The market for turbochargers is growing on a massive scale: The increasing diversity of vehicle models makes it necessary to adapt supercharging systems to suit more and more engine variants. Tailor-made solutions of this type are increasing development effort which is why IAV is rethinking its methodology and has linked numerous standalone tools. This is producing better results in a shorter time.
In developing turbocharger systems, IAV is right at the side of its customers from concept and development through validation and optimization to calibration and market launch. At the concept definition and development stage, we use numerous tools developed in-house which our engineers have grouped together and linked in two blocks. Bringing together the various disciplines in this way has established an optimized development process as an answer of coping better with the growing complexity involved in developing turbochargers. This development process has now been successfully applied many times in customer projects.
Three tools for the concept phase
The first block forms the concept phase and covers the aspects of target definition, matching and benchmarking. This is where IAV uses two tools it has developed for matching and benchmarking turbochargers as well as for simulating gas exchange. The first step involves defining how to meet customer demands – such as on the turbocharger compressor. IAV makes an initial proposal which, for instance, covers the diameter of the compressor impeller as well as the minimum and maximum mass flow.
One key tool here is IAV’s supercharging database: “It contains over 150 datasets, in other words maps of compressors and turbines, and makes it possible to compare internally defined parameters at component level”, says Sven Müller, Technical Consultant for Powertrain Systems Development. After entering just a few engine parameters, the matching tool searches the database for appropriate compressor and turbine variants. The developers then simulate gas exchange in order to identify the turbocharger characteristics optimized for the particular powertrain concept while allowing for combustion parameters and dynamic effects.
This is the point at which the process is handed over to the aerodynamics developers to meet the performance requirements. The second block involves designing and laying out the turbocharger components in detail – the compressor impellers, for example. To do this, IAV’s developers use four tools for designing the impellers, CAD, FEM and CFD. In the first step, the AxCent tool is used for producing the impeller geometry which the engineers then examine with StarCCM+ (CFD) and Ansys (FEA) to establish how well it performs.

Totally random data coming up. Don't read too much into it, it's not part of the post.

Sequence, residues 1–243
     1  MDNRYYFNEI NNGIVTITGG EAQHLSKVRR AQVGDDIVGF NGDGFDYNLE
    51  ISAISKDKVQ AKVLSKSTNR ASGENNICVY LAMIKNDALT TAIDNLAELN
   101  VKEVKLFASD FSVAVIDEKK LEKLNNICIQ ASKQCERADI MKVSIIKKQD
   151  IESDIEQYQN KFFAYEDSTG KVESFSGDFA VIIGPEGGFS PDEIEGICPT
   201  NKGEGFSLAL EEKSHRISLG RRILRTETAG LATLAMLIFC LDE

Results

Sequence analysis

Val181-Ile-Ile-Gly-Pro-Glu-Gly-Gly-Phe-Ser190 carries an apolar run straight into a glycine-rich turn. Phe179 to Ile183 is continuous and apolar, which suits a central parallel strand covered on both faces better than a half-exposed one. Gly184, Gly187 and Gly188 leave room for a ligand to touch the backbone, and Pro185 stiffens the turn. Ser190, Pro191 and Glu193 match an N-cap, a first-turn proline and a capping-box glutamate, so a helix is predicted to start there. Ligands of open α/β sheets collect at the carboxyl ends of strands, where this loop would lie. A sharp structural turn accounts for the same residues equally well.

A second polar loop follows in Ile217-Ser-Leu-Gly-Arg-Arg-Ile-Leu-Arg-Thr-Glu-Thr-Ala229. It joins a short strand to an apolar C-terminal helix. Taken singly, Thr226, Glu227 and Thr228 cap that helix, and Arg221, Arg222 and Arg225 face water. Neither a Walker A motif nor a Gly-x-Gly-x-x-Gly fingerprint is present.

“To optimize the aerodynamics of the impeller geometry, we work through several loops made up of impeller design, CAD, CFD and FEA”, reports Tom Steglich, team manager in the Powertrain Integration division. “As soon as we have reached the targets set, we use the Creo CAD program to configure the impeller ready for production”. At the design and CFD stage, this is then followed by several loops to optimize the design of the housing. Once the turbocharger, including housing, is completely available as a CAD model, detailed CFD simulation takes place in a last step to compute comprehensive maps for the turbocharger.
These are used, for example, to compare results with engine process simulation or test bench measurements. A further IAV tool is used for developing turbines with variable guide vanes (VTG). The Matlab-based tool enables us to dimension all aspects of the entire VTG system very quickly, saving a huge amount of development time over configuring a system in the conventional way.
Better results from a deep understanding of the engine
IAV’s developers have acquired a deep understanding of the exhaust gas turbocharger system from numerous numerical and experimental studies. This begins with analyzing the thermodynamics and extends through to the component level. “This also lets us develop ideas of our own, such as the variable trim compressor (VTC) or a new wastegate concept”, explains Dr. Panagiotis Grigoriadis, team manager in the Powertrain Mechatronics division.
Further methodology improvements planned
“Better results in a shorter time” – that is one way of summing up the benefits of the new development process. In future, it is to be further improved. Among other aspects, it is planned to link benchmark and matching tool. To design turbocharger housings, it is intended to use automatic optimizers as a means of improving the aerodynamics and extending the life of turbine housings.